Access a full PhD by a student in the architecture department of MIT:

Landmarks of the Persian Renaissance : monumental funerary architecture in Iran and Central Asia in the tenth and eleventh centuries

Department:    Massachusetts Institute of Technology. Dept. of Architecture.

Abstract:    This dissertation investigates the sudden proliferation of mausolea in Iran and Central Asia in the tenth and eleventh centuries and how their patrons, who were secular rulers of Iranian descent, drew on the pre-Islamic past in new ways specific to each region. Mausolea constructed in the tenth and eleventh centuries have a wide geographical spread across modem Iran and the ex-Soviet Central Asian republics. However, the monuments take two different forms: the tomb tower and the domed square. There are formal and functional differences and a different geographical distribution, with the earliest tomb towers concentrated in the inaccessible Alborz Mountains in northern Iran. This remote region had a very different historical trajectory from that of Central Asia, where the earliest extant domed square mausolea are located. Historians of architecture have often noted that certain features seen in these mausolea have some vague connection with the pre-Islamic past, but this connection has never been precisely defined or explained; I argue that the cultural dynamics which resulted in particular architectural forms were very different in these two regions, so that pre-Islamic Iranian traditions were selectively continued in the Caspian region of northern Iran, whereas other elements of the Iranian past were consciously revived in Central Asia. Two of the mausolea that I analyze, the Samanid mausoleum and the Gunbad-i Qabus, are well-known monuments which appear in virtually every survey of Islamic art, whereas most of the others are almost completely unknown.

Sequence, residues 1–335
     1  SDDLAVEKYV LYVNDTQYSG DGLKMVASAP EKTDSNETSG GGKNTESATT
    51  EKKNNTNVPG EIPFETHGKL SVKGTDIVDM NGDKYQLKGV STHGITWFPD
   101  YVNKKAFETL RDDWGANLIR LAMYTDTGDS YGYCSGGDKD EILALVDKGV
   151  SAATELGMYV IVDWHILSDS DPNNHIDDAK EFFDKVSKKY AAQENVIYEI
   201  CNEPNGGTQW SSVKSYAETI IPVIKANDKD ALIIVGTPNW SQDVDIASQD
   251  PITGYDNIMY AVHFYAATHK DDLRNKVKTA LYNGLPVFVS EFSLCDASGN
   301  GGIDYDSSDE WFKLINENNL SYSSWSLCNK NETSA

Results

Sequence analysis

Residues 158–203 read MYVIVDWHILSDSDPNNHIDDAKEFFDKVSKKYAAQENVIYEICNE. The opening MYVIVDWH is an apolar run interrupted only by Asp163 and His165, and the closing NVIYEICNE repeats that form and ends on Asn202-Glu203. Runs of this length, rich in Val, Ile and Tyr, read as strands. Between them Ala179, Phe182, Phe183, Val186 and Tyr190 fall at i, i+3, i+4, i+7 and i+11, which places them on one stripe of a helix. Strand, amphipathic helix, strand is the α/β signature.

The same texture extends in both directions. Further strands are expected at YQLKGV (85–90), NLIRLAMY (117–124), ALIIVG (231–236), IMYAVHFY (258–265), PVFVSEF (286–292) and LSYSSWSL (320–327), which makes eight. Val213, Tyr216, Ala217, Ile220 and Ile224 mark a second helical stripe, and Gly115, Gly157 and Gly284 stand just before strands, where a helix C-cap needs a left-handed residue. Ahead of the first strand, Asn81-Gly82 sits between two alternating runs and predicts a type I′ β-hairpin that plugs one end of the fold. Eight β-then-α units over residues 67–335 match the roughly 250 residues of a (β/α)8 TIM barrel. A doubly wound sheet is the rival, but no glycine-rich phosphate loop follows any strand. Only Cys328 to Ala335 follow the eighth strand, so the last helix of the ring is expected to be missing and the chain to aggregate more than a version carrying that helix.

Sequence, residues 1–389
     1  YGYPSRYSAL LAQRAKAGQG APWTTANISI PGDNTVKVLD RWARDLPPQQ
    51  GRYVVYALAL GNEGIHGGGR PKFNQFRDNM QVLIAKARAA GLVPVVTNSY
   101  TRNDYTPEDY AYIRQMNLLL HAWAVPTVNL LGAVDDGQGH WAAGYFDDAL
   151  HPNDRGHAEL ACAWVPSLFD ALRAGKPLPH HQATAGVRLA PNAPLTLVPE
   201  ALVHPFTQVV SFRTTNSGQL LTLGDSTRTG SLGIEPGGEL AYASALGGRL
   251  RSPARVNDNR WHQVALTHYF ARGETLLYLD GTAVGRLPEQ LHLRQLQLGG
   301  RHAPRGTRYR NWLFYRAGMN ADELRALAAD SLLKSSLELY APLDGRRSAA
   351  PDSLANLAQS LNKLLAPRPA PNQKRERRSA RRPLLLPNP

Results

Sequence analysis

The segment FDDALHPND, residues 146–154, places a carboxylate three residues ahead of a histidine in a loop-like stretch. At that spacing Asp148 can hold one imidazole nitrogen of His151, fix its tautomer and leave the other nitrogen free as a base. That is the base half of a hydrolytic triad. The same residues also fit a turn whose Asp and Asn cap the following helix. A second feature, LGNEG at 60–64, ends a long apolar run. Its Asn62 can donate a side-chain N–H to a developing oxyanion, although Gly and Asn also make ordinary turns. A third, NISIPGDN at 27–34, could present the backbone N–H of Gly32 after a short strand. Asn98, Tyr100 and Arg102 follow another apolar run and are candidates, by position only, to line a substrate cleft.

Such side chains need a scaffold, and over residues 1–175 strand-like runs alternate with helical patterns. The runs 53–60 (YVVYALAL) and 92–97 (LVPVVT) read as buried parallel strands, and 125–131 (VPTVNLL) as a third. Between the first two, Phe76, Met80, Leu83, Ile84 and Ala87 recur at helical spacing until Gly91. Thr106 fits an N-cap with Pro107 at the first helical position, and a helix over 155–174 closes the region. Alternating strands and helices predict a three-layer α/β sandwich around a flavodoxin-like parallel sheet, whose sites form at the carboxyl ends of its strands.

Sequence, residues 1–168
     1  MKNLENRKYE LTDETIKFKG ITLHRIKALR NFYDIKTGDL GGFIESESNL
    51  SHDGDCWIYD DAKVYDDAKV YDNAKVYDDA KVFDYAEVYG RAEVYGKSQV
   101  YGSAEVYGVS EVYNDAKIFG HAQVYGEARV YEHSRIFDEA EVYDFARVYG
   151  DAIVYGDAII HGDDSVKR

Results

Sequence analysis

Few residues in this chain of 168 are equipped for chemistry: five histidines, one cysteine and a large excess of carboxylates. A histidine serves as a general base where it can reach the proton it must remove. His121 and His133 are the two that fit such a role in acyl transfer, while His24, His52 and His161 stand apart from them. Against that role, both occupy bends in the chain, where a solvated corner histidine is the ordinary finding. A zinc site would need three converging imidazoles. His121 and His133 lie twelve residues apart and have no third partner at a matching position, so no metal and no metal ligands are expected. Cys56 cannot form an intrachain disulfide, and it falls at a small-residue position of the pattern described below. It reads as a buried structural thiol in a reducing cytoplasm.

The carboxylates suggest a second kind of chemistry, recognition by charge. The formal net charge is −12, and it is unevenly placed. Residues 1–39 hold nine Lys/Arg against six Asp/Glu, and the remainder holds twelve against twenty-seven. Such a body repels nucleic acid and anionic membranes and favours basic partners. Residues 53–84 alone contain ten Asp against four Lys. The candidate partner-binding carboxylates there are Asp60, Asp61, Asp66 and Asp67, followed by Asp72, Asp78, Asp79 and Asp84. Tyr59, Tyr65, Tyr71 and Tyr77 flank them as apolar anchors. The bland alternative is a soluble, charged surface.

This dissertation situates these buildings in their historical context for the first time and examines them in a new way as an expression of the Persian Renaissance, a term borrowed from literary historians which describes the florescence of Iranian high culture which occurred at this time. Since this group of mausolea was influential not only in the development of funerary architecture, but also in the development of Islamic architecture as a whole, understanding their origins and formation is important for the history of Islamic architecture.

Description:    Thesis (Ph. D.)--Massachusetts Institute of Technology, Dept. of Architecture, 2007.

Download: (79 Mb) http://dspace.mit.edu/bitstream/handle/1721.1/41720/222332133.pdf?sequence=1
43  General / Tajik History, Culture and Civilization / The Kart Ghurids of Herat - on: December 10, 2008, 12:21:19 PM
A few passages about this great Khurasani Tajik dynasty that humbled the Mongols into accepting them as the rulers of most of what is today called Afghanistan....

1. http://books.google.com/books?id=huM_5aNyO0QC&pg=PA72&vq=karts&dq=Genghis+Khan+and+Mongol+Rule&lr=&source=gbs_search_s&cad=0

2. http://books.google.com/books?id=vZI3AAAAIAAJ&pg=RA1-PA173&vq=kurt+herat&dq=kart+herat&lr=&as_brr=3&source=gbs_search_s&cad=0